People want to argue with me: “Are you sure you look like that?”
“Well, you’re not like I expected,” they say.
No, I’m not like I expected either. Why do they think I got off into writing books?
I’m not writing one as I speak to them, though, I’m promoting one. My twenty-fourth, which I will mention the name of just this once: Save Room for Pie. In twelve cities, bing bing bing.
I am probably not even acting like myself. I’m on a book tour.
The book, I say, is what matters. The author is the sizzle (or not), the book is the steak. And the reason the author is standing here talking to you, I suggest as delicately as I can, is so you’ll buy the book.
“Well, I just like hearing you do it in your voice,” they say.
They can, I tell them, buy the audiobook, which I rubbed my larynx raw trying to record right. I don’t like listening to it, myself, because it sounds so much better in my mind. Actually, books shouldn’t be expected to make noise.
To be sure, audiences enjoy hearing me read aloud. From this book. Would they enjoy hearing me read from auto-maintenance manuals? No. It’s the book. And food, which the book is about. Food is funny. Especially when you talk about it. And when you write about it? Let me put it this way: Look at a potato. How long does it take you to start smiling? Now look at the word “potato.” See what I mean? So you can imagine how hard it is for people to contain themselves when someone stands up in front of them, however wrong he looks, and reads them a poem—a poem—about okra.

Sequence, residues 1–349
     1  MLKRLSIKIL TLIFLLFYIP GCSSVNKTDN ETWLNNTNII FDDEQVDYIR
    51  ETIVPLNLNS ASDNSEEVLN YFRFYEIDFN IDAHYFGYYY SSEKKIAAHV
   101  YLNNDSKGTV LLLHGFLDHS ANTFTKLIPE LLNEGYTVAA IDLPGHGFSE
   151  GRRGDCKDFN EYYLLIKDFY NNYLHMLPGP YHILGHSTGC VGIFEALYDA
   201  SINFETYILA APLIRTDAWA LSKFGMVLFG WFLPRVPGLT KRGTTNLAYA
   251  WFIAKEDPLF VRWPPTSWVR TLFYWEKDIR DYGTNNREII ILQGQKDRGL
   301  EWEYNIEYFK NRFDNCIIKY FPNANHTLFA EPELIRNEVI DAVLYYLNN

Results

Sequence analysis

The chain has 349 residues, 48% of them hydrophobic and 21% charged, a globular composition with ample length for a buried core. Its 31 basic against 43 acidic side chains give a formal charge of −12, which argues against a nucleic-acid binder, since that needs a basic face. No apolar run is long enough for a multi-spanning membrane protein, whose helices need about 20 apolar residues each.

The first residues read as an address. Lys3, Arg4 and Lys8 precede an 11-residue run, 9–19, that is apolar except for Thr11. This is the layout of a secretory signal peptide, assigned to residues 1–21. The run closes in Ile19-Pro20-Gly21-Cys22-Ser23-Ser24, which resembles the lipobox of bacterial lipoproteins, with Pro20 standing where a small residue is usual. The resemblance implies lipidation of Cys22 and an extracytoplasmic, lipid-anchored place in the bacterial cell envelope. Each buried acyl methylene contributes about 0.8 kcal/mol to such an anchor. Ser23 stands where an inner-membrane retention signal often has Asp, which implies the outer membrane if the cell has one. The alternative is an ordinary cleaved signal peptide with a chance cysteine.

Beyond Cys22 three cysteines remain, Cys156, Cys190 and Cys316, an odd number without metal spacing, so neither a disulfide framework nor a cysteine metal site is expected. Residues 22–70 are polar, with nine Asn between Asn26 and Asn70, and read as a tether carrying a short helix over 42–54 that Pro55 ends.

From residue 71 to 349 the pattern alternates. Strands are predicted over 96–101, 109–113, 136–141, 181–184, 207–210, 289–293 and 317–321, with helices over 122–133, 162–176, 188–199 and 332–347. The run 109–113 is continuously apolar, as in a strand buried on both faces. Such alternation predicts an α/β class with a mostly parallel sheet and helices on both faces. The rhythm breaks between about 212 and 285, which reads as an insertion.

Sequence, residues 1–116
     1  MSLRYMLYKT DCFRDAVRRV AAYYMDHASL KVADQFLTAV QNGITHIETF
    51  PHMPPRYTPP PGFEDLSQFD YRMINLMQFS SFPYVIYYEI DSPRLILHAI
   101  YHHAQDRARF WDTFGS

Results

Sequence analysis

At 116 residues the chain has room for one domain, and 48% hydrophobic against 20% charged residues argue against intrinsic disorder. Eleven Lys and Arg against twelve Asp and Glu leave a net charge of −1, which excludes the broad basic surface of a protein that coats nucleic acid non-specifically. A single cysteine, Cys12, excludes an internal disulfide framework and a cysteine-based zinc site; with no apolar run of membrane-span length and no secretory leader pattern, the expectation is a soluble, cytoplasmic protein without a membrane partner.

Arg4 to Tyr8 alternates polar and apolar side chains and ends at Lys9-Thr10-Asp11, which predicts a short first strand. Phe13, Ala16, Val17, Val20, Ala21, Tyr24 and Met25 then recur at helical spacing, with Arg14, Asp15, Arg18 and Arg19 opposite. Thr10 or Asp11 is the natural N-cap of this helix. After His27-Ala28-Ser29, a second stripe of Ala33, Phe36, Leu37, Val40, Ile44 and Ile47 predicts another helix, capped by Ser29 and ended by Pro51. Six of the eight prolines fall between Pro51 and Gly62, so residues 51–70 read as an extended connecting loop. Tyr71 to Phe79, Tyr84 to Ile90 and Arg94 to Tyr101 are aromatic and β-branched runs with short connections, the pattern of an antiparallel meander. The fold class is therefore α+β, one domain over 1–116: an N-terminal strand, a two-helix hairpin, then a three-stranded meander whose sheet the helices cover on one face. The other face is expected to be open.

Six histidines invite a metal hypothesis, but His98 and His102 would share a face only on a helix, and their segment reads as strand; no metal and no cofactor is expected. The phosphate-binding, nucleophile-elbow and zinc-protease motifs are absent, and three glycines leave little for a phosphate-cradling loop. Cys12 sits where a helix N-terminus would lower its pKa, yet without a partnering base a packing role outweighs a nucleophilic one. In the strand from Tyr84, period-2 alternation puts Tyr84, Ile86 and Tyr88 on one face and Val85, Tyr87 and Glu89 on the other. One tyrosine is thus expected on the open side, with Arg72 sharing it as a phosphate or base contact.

I am not selling okra, however. I am selling—trying to sell—books. And I am a terrible salesman.
I was brought up to be gracious. I like being gracious. But here’s what I want to shout out: The book! Is the point! Buy the thing. I’ll sign it for you. I’ll inscribe it to your mother. Whether or not she’s really your mother, I’ll lie and say she is. Just buy it.
Here’s what an eminent author once told me. I won’t tell you his name, lest you come to hate him as much as you are beginning to hate me. “Say my book was a restaurant,” he said. “You wouldn’t come in, inhale the aromas, go back to the kitchen and ask how the various dishes are made, take several bites, express vocal appreciation, and then leave.”
You would feel like you should buy a meal!
Okay. It wasn’t an eminent author who said that. It was me. But the eminent author agreed.
A book tour does enable me to visit my daughter, Ennis, in North Carolina. “How is it going?” she asked. I was reading aloud to people, I told her, and they were rolling in the aisles. And then many of them were rolling right out the door. Satisfied. Of course if they really wanted the book, they could find a place online where they could download a disembodied version of it for free. That would be illegal, but hey, there’s something cool about piracy, as long as you’re not the source of the booty.
Ennis did not like hearing me gripe about my audiences. “You give them joy,” she said.
Where did I go wrong? When Ennis was growing up, did I stress insufficiently the value of mercenary motives? She is a committed (and joyous) social worker. Helps poor children for a living. No one does that for the money.
But she does get paid.
Here is something I thought but did not say, even to my own daughter. I am going to write it, however, to you, my column reader. Evidently, you don’t mind assuming that I look pretty much the way the great, merciless Barry Blitt draws me (that’s my nose?) every issue. Nor do you expect this page to burst into sound. And when I am writing for a page, I am trying to get at what I really think. (Don’t you love a page? I love a page. My book has 304 of them.) So. This—at least when I’m on a book tour, and may not be myself—is what I think, as I look at an audience:
I want to sell them some joy.